To All the Paper Towels I’ve Used Before

It’s a well-known fact that not all paper towels are created equal. Some of them have all the absorbent qualities of cardboard, while others are like someone took a sponge and turned it into paper form through the miracle of modern science. The trick, of course, is finding that sweet spot where you’re not paying an arm and a leg for drying your hands, and you’re not just smearing water around while pretending you’re having some sort of an effect. There are bonus points for being environmentally friendly, as well.

And because This Is Important, I figured I’d devote a whole blog post to the topic. Ranking the drying methods out there, from worst to best. I’m going to use a couple of different factors to rate them each. First: ease of use. Second: affordability. Third: effectiveness. Fourth: environmental friendliness. Fifth: ick factor. You know you want to read it . . .

Public Restroom Drying Options

When heading to the bathroom in a public place, I almost always wash my hands. (The times I haven’t are more due to the fact that the sink is broken, or there is no soap, or the very thought of touching the sink convinces me it’ll be much worse in the long run, so I just go find some hand sanitizer instead.) However, there have been plenty of times I choose to just wipe my hands on my pants or air dry them instead. Here are some of the worst options:

  • Blown Air Dryers: Ease of use (2). Affordability (4). Effectiveness (1-3). Environmental Friendliness (3). Ick Factor (5). There are different types of air dryers. It’s a plus that they just need a press of a button or wave of the hand to get them going, but the thought of using one now (after COVID) leaves much to be desired. There are enough germs in a bathroom already. We really don’t need to make them more airborne. Plus, some air dryers are better than others. At the bottom of the heap are the one’s that don’t really blow much in the way of air. It’s more like a gentle breeze, and you’ll be standing there for the next 10 years before your hands are dry. Then there are the ones that make you stick your hand inside them to activate them, going on the theory that those germs aren’t just going to spread themselves, so it’s more helpful if you put your hands into a spot that can collect the germs and deliver them more efficiently. Then you’ve got the industrial wind machines that try to take your skin off, since skin can’t be wet if it’s not on your body. But blown air dryers really suffer because they are so hyper focused. You can’t wipe a table off with one. You can’t blow your nose with one. (Granted, I haven’t tried to blow my nose with one, but . . . )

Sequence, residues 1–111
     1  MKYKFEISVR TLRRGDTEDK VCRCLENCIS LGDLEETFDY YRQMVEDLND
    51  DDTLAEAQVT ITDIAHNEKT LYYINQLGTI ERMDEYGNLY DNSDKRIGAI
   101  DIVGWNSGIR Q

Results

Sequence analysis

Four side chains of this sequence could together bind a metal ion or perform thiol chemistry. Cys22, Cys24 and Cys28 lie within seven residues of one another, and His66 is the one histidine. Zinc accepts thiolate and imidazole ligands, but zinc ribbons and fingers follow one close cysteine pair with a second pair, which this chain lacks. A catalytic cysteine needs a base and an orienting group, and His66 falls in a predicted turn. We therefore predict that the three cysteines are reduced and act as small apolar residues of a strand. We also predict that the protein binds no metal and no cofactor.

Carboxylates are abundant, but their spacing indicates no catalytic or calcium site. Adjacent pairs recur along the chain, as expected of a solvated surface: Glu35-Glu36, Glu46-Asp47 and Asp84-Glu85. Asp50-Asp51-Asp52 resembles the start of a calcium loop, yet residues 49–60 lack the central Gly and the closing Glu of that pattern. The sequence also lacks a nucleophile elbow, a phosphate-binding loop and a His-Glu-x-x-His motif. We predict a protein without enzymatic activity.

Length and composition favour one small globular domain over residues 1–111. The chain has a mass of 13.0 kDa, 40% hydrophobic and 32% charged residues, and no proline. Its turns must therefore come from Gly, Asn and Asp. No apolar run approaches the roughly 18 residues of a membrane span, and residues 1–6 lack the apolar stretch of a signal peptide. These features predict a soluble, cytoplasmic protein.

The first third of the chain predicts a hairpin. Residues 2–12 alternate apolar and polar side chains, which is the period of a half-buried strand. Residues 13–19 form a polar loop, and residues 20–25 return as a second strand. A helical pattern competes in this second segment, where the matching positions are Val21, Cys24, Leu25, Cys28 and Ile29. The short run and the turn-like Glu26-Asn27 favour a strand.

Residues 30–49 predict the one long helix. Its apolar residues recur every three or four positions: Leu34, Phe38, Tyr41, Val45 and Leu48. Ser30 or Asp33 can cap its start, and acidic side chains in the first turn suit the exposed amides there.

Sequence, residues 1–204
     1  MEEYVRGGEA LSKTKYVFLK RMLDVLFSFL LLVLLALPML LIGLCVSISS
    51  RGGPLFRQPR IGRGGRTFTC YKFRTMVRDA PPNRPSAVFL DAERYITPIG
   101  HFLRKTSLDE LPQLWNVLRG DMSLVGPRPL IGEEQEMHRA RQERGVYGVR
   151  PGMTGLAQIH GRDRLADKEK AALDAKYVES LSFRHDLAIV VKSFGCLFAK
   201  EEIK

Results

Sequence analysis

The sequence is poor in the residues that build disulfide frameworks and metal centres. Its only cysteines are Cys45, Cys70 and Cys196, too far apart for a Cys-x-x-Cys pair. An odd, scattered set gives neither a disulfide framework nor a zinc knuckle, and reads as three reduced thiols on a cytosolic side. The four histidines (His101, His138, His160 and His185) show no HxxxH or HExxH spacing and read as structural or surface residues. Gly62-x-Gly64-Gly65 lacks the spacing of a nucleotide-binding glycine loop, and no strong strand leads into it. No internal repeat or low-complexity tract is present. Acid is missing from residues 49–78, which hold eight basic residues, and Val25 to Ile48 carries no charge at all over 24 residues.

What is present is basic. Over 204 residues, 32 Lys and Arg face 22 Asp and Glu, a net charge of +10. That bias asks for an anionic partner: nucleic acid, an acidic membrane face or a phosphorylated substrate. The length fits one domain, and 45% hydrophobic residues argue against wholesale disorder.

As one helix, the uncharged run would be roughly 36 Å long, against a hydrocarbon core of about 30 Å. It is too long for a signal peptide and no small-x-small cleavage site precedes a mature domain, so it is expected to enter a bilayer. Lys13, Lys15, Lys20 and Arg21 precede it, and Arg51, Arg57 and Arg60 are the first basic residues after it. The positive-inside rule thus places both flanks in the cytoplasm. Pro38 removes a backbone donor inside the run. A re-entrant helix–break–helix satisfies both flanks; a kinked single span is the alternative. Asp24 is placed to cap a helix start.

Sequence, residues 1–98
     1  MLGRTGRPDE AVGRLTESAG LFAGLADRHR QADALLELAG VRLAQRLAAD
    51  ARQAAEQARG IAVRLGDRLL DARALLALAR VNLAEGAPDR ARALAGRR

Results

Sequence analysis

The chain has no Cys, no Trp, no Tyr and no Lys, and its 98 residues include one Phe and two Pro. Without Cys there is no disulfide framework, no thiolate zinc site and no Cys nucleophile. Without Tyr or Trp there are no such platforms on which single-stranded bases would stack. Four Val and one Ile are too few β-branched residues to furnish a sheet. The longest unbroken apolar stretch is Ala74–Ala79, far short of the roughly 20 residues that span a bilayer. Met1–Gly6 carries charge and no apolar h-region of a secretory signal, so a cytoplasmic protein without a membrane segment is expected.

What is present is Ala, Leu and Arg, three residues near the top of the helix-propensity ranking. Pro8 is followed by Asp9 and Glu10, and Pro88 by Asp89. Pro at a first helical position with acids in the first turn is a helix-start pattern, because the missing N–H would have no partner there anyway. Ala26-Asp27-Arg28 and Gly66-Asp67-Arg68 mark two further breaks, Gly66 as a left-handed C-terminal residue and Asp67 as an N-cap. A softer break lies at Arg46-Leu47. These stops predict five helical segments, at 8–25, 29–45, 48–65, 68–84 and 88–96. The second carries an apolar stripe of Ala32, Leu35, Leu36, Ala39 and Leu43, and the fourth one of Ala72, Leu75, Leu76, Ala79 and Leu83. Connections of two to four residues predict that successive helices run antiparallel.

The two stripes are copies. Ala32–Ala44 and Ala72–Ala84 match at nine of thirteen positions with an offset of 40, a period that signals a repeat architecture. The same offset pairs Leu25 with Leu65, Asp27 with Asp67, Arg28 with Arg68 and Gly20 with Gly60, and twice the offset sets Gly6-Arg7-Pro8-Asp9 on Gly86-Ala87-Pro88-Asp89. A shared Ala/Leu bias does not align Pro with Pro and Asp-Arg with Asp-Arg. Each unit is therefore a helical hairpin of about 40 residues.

• Hand Towels: Ease of use (5). Affordability (1). Effectiveness (5). Environmental Friendliness (4). Ick Factor (5). I suppose some places think they’re being home-ier by providing real towels to dry hands. I would sooner use a rabid skunk, but maybe some people out there prefer these? When I see a towel in a public bathroom, I can’t help but think what horrors that towel has seen over the last days or weeks. True, there are those funky machines that have towels on some kind of a rolling loop mechanism, where you pull down to expose a new piece of towel, but I’ve always found them more than a little suspect. If I see anything cloth-related, I’ll just wave my hands dry, thank you very much. I don’t care if they’re effective or easy to use. No.